OKRs can be used to focus work on a variety of purposes, whether driving company-wide ambitions or increasing your own personal productivity. But regardless of their scope, their strength is in helping to create consensus, clarify action, and motivate people toward achieving meaningful strategic goals.

Planning out your OKRs

So now you’re ready to start planning out your OKRs.

To help out this process, here’s a simple step-by-step framework you can follow to build out your OKR planning sessions:

  1. Define your agenda. Staying on track is especially important for OKR planning sessions. Do this by writing out the schedule for everyone to see. To keep things moving, don’t forget to include how long each section will take. (Keep yourself honest by setting a timer before each session begins.)
  2. Outline rules and expectations. Keep sessions flowing smoothly by letting everyone know any rules or expectations you have. For example, you could promote collaboration among distributed colleagues by asking everyone to turn on their cameras.
  3. Start with the company vision. Before getting into specifics, it can be helpful to first ground everyone by reviewing something more general, such as your company vision. This will guide everyone as they start defining key objectives and results. (Asking your CEO to record a quick video on this topic is also a good way to make an impact.)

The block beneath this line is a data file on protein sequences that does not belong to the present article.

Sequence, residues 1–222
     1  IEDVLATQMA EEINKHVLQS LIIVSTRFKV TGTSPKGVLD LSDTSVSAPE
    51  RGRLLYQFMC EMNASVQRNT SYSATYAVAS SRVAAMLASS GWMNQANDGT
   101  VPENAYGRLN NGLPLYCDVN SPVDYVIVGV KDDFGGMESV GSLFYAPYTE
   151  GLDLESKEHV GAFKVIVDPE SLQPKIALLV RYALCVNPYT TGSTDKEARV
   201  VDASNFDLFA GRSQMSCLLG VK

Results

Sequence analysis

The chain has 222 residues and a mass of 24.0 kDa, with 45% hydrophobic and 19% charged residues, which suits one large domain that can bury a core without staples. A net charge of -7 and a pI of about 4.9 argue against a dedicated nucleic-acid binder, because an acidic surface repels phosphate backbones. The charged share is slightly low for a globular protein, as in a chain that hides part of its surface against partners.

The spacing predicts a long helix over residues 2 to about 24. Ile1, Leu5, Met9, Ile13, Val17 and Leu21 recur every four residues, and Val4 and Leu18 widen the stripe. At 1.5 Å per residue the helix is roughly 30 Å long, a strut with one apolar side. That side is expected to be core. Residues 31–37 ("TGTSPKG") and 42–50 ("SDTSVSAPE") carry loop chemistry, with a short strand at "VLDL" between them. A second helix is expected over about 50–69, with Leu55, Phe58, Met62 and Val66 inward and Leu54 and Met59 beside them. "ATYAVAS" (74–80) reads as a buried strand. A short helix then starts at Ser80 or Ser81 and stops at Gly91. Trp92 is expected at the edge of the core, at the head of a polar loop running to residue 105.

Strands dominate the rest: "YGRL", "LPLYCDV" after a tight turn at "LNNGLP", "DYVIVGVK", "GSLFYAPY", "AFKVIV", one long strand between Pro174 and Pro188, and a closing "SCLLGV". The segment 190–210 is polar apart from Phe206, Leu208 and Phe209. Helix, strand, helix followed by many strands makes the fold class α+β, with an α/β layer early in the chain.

4. Don’t forget the icebreaker. A good icebreaker can help warm people up and encourage them to get more involved, which is especially important for remote meetings. Fortunately, there are plenty of icebreaker options you can do entirely online.
  5. Break out into smaller groups. It can be intimidating sharing ideas in front of a large group. Instead, begin by asking everyone to either brainstorm by themselves or in small groups. This will help get more ideas ready for the larger team.
  6. Reconvene and finalize. Once everyone has come up with a few ideas, bring everyone back together to discuss them and vote on their favorites. Narrow down your OKRs to a manageable number, or even come up with individual OKRs per team.

Feel free to adapt this basic framework to your specific needs. For instance, if you are leading an OKR planning session for a smaller team or division, you could streamline these steps by asking everyone to come to the meeting with several ideas already prepared. 

NOTE: In case you’re wondering, there is a MURAL template for OKR planning. If you’re looking for a “how to use” the OKR planning template, be sure to stay tuned for Part 2 of this series. 

Ensure your OKR planning is successful

So how do you ensure your OKRs remain useful when so much else is uncertain?